in other words

I’ve been reading more poetry lately.

I’d like to consume poetry for a living.

sometimes on love and loneliness

Poetry from the Tang dynasty (618-907 CE) has especially been attractive these last few days. I think it has something to do with the cadence of translation. Maybe the universality of things like loneliness. Definitely the imagery.

From a pot of wine among the flowers

I drank alone. There was no one with me –

Till, raising my cup, I asked the bright moon

To bring me my shadow and make us three.

Alas, the moon was unable to drink

And my shadow tagged me vacantly;

But still for a while I had these friends

To cheer me through the end of spring. …

I sang. The moon encouraged me.

I danced. My shadow tumbled after.

As long as I knew, we were boon companions.

And then I was drunk, and we lost one another.

…Shall goodwill ever be secure?

I watch the long road of the River of Stars.

Li Bai. Drinking alone under the moon, Li Bai’s middle period (724-755 CE). Translation by Bynner.

There are more promising translations to the last two lines of Li Bai’s Drinking alone under the moon. Derbyshire translates it as “Lost to wordly things, until some day / We’ll meet again, beyond the Milky Way.” Bowles translates this as “Bound forever, relentless we roam: / reunited at last on the distant river of stars.

I listened to several recordings of the poem. I wish I could read (imperial) Chinese.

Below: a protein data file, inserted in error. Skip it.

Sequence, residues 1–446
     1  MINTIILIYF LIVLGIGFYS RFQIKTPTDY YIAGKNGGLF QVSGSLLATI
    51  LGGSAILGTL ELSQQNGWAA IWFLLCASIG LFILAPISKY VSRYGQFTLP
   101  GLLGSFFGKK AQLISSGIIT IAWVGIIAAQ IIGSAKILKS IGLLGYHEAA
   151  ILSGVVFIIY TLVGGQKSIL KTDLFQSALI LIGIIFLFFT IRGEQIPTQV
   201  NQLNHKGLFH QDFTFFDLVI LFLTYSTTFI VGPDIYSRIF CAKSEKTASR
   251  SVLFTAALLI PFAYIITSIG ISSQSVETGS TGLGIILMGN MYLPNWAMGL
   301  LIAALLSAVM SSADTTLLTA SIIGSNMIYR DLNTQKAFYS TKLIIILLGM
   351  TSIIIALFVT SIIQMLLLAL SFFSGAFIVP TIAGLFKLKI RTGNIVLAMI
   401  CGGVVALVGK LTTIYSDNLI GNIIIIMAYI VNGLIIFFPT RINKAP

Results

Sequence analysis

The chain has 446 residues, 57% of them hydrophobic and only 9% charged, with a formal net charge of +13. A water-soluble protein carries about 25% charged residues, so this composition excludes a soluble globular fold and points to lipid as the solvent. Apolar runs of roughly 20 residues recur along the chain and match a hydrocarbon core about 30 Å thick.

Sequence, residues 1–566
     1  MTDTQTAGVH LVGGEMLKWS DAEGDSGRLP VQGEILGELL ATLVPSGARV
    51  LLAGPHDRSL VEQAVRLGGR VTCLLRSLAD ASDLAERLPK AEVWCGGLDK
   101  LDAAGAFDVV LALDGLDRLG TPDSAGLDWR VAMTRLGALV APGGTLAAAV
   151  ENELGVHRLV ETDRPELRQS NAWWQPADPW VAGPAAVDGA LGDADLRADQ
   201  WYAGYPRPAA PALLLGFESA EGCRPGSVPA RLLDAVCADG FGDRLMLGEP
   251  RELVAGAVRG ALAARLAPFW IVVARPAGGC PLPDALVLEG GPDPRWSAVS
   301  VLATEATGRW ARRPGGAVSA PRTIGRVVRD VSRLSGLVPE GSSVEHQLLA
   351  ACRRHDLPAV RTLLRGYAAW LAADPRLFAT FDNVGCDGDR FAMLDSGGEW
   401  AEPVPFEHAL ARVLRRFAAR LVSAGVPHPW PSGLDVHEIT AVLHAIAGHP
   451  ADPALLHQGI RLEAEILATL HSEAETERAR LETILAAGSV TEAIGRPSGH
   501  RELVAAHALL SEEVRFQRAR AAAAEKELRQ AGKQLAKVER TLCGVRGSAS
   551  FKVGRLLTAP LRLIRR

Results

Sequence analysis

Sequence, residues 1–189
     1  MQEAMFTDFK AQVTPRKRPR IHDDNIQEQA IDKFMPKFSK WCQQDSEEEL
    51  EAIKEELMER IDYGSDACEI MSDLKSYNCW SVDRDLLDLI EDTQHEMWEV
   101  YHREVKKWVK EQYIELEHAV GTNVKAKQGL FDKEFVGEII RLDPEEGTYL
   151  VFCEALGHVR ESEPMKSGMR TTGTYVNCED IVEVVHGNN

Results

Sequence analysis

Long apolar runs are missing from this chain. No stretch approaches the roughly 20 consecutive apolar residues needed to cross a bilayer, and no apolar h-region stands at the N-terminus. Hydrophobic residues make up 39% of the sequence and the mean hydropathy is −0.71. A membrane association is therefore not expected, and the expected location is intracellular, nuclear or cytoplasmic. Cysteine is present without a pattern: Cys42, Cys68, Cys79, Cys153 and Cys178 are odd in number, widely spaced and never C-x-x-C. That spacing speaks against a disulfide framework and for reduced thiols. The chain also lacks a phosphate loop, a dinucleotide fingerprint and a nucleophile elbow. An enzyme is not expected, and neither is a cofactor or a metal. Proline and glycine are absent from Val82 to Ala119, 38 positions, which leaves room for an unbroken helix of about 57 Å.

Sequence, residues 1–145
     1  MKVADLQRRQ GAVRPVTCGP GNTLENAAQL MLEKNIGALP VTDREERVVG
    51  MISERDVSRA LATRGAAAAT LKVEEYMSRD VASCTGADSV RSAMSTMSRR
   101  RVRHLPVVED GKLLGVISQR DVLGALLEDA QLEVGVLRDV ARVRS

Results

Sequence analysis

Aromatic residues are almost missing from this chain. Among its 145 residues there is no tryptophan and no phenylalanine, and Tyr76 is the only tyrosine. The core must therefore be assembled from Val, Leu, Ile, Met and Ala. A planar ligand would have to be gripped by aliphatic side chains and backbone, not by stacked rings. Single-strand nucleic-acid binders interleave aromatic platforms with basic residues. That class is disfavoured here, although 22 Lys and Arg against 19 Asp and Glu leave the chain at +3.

Regardless of translation, the poem is beautiful. Even with just this piece, Li Bai truly is one of the greatest poets of the Tang dynasty.

I may not drink alcohol, but we all know of things that can blur the lines between loneliness and companionship.

No water is enough when you have crossed the sea,

No cloud is beautiful but that which crowns the peak.

I pass by flowers that fail to attract poor me,

Half for your sake and half for Taoism I seek.

Yuan Zhen. Think of my Dear Wife, sometime after he got married probably

The endless amount of nature metaphors in ancient and imperial Chinese poetry delights me. The poet Yuan Zhen may or may not be talking about the Wu Mountain… until you see the title, and really he’s just waxing on about his wife. Same.

Most of the poetry I’ve written in the past few weeks have also been drowning in lakes and mountains. Also in some sort of love.

Other people too have friends that they love;

But ours was a love such as few friends have known.

You were all my sustenance; it mattered more

To see you daily than to get my morning food.

And if there was a single day when we did not meet

I would sit listless, my mind in a tangle of gloom.

To think we are now thousands of miles apart,

Lost like clouds, each drifting on his far way!

Those clouds on high, where many winds blow,

What is their chance of ever meeting again?

And if in open heaven the beings of the air

Are driven and thwarted, what of Man below?

Yuan Zhen. To Bo Juyi, 816 CE. Translation by Howard S. Levy / Arthur Walley.

Yuan Zhen’s wife died too soon, and he wrote three elegies memorialized in Bynner’s anthology Three Hundred Tang Poems.

At least he still had his dear friend and contemporary poet Bo Juyi. #BisexualPoets